Hardy’s Tragic Vision
Thomas Hardy has developed his own form of tragedy. He, simultaneously, is against Aristotle and Shakespeare with regard to write a tragedy. He does not follow the rules of tragedy as defined by Aristotle nor does he follow Shakespeare. Aristotelian tragedy is a template for every writer, who wants to be a tragedian but Hardy ignores it. His approach is pessimistic; therefore, he is excessively different from common writers of tragedy. He mixed the modern and ancient form of tragedies. His tragedies are realistic but he portrays the pathos of humans. How a person respond to his fate is the topic of his novels. Most of the characters of hardy are not tragic but sympathetic. Typically, Hardy’s novels are full of artificial coincidences, which ruin the real taste of tragedy. He is considered a tragedian but he is vastly different from many writers.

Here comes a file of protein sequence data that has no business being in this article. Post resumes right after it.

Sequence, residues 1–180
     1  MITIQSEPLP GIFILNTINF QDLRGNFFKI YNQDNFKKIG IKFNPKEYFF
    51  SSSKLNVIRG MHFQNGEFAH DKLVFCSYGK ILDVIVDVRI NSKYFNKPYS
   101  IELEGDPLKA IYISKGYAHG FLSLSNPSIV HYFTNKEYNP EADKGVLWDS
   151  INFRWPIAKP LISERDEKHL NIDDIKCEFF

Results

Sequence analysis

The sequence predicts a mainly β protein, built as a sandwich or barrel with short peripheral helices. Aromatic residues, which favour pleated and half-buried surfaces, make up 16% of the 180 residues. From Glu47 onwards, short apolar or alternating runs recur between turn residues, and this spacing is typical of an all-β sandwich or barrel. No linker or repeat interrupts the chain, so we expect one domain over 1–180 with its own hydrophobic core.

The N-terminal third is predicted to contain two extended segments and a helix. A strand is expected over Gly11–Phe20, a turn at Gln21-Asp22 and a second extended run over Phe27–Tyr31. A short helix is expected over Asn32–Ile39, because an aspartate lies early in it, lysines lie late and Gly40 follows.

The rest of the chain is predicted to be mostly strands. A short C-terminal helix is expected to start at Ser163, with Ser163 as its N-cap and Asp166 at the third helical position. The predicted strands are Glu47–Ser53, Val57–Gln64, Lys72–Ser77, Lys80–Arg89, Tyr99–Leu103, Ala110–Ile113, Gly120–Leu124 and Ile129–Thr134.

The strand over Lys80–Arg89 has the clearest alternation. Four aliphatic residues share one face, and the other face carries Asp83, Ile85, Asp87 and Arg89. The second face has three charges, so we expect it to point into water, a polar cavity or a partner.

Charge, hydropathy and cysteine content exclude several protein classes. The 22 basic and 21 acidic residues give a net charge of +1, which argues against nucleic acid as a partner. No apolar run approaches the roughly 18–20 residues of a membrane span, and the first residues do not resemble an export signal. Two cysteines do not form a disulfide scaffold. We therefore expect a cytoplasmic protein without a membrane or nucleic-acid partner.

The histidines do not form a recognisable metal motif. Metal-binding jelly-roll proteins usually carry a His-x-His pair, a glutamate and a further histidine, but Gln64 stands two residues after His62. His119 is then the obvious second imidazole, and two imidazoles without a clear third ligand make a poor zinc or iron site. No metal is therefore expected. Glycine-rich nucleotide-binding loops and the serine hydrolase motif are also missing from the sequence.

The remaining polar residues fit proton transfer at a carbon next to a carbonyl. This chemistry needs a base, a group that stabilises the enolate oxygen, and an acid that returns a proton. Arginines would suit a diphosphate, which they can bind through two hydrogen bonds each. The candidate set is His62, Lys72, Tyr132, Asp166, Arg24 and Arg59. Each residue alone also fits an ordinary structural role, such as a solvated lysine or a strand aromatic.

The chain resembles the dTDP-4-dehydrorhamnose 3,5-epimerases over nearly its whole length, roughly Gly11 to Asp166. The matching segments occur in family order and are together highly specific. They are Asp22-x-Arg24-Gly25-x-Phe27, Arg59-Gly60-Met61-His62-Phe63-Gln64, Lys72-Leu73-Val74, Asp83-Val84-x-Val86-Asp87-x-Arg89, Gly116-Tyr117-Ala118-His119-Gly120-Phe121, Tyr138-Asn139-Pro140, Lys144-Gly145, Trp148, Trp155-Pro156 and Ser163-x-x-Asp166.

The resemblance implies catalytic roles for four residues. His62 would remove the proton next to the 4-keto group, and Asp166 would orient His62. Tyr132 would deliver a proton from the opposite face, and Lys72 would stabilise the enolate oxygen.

Thomas Hardy’s novels are flooded with pessimism. Like Greece writers, his tragedies are also based on fate and coincidences. Aristotle’s definition of a tragic hero is that; he must have hamartia due to which he should suffer but Hardy does not consider it a good rule of tragedy. In his tragedies, characters are not responsible for their destruction but it is fate and chances, which are answerable for the downfall of the protagonist. Thomas Hardy’ vision is that men are puppets in the hands of God and thus everything is dependent on luck.Hardy’s tragedy can be concluded in these ingredients; events, chances, coincidences and fate. If these elements are combined then it can be termed as Hardian Tragedy.Aristotle has defined the rule of hamartia so that the feelings of pit and fear can be aroused but Hardy’s tragic heroes are dependent on circumstances, therefore, they can get mere sympathy from the readers. Hardy was not a misanthrope but according to him onus of every action can be placed on fate, chances and circumstances. Chances and fate dominate the freewill of characters in Hardy’s novels. Thus, unlike common writers, Hardy’s characters have less tragic flaws. In contrast to Hardy’s vision, example of Shakespeare is in front of us; his characters are fully responsible for their crimes but it is not the case with Hardy. He molded the form of tragedy as per his own visualization. His characters does not fight only with society but also with their fate. Usually, their fight ends in failure. They cannot win from their fortune and ultimately meet their destruction. Aristotelian concept of tragedy was ignored by Thomas Hardy, as his characters are powerless in front of luck. Every time, fate dominates the freewill and the character is compelled to take such steps, which leads him to his annihilation.Most of the time, characters are innocent and suffers without any fault of their own. Due to lack of tragic flaw, Hardy’s tragedies does not shake the faith of people as required by Aristotle. We consider Hardy’s characters as sympathetic persons, who are miserable because of their powerlessness. Hence, if the character is not responsible for his destruction then it cannot arise the feeling of pity and fear.